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A Question of Motives For Moving the Navajo

May 24, 1986

I am writing to bring to your attention the scheduled removal of thousands of Navajo Indians from lands that have belonged to them for many hundreds of years.

The so-called Big Mountain dispute between the Hopi and the Navajo tribes is believed by many to be a government-sponsored scam,, and not without good reason.

The Hopi and the Navajo, among the two most peaceful tribes of North America, claim themselves that there is no land dispute, and that the U.S. government, through the Bureau of Indian Affairs, has used the so-called land dispute as an excuse to separate the Hopi and the Navajo.

This action, if implemented, will leave the "disputed" land open to strip mining by the Peabody Coal Co. with approval and support from certain agreeable members of the Hopi Tribal Council and the U.S. Congress.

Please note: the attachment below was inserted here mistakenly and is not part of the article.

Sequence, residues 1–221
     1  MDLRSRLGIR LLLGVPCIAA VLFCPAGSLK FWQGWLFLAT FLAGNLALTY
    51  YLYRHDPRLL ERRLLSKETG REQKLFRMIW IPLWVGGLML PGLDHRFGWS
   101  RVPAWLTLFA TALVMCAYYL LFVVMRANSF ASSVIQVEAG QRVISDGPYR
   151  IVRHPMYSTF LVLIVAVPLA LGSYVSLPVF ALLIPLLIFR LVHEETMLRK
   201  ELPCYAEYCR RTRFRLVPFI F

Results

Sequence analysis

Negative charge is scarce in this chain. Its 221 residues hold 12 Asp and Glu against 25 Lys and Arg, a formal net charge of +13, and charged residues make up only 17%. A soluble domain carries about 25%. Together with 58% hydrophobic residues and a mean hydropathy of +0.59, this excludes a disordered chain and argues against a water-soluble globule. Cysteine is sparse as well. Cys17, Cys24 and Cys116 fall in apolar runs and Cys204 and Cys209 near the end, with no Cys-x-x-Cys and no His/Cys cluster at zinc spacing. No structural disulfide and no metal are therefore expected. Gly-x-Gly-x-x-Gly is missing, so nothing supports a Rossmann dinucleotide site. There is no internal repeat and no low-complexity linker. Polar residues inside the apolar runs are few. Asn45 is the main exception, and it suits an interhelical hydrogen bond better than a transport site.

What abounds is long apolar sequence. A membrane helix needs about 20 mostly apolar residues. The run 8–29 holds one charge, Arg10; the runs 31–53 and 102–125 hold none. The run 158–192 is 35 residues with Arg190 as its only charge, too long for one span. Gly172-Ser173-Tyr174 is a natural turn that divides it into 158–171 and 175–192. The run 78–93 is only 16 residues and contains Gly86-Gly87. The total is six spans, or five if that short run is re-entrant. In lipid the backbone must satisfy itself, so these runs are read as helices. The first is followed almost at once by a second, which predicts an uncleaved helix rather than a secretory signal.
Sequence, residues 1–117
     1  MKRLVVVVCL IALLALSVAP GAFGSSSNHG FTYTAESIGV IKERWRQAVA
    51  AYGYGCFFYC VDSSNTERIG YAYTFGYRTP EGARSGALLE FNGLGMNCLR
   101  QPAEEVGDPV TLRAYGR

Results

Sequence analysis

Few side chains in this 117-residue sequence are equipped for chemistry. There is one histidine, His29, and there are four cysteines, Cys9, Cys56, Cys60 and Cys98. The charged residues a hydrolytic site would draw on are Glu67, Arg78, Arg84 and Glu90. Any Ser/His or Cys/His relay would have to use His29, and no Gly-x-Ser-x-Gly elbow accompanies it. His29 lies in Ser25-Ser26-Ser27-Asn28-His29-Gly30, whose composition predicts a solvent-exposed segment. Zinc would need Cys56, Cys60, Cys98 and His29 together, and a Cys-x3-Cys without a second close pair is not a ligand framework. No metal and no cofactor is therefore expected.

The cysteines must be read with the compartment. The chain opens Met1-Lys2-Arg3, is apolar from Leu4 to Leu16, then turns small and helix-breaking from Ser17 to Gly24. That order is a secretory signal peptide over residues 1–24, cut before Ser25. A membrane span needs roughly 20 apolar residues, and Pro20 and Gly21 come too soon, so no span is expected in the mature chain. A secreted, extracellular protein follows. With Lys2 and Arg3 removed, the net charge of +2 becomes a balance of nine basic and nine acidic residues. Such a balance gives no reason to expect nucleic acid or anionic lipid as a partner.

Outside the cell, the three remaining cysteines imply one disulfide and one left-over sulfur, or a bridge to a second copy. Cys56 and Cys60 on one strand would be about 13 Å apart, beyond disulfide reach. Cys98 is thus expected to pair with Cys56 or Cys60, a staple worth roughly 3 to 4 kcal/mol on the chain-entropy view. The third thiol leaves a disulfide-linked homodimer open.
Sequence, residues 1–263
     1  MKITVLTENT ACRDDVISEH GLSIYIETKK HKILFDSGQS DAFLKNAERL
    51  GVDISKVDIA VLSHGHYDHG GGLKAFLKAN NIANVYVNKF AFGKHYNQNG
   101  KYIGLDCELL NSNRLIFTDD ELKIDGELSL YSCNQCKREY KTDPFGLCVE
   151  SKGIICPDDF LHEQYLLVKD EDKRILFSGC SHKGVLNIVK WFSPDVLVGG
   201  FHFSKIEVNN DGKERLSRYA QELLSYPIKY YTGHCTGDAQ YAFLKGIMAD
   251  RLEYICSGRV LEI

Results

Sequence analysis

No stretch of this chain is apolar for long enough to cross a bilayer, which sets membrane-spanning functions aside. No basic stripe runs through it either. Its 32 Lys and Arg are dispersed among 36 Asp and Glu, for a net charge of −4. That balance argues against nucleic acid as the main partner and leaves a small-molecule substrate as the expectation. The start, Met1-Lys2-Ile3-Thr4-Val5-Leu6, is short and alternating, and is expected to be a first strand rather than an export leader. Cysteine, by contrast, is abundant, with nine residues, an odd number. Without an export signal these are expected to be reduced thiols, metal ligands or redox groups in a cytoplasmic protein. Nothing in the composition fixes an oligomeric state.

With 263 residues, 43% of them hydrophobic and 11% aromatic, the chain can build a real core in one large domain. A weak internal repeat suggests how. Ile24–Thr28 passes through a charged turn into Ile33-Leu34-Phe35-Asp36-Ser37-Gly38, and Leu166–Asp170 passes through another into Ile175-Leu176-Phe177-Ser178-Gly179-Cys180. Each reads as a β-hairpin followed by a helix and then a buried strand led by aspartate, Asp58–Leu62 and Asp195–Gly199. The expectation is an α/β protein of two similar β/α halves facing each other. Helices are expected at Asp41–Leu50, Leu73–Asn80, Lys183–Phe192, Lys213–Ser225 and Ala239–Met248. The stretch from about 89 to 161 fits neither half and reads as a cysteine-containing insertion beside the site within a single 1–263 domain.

Already, 90% of the Navajo livestock has been destroyed to help facilitate the forced removal. This is nothing less than slick, three-piece suit genocide, and we are barely more than decade away from the 21st century. When will we learn?

There has been much in the news lately regarding a growing consciousness about genocide; much of the this news has focused on the Jewish Holocaust and the Armenian genocide by the Ottoman Turks around the time of the First World War.

The genocide of Native Americans has been glaringly omitted. One reason for this, I gather, is because the Jewish Holocaust and the Armenian genocide happened in other parts of the world; they are distant, from another time, and therefore "safe."

On the other hand, the genocide of Native Americans not only happened here, in the freest country of the world, but is still going on. It forces us to look at our twisted priorities.

Coal and uranium--the tool of the nuclear arms race--have become more important than human dignity.


Culver City

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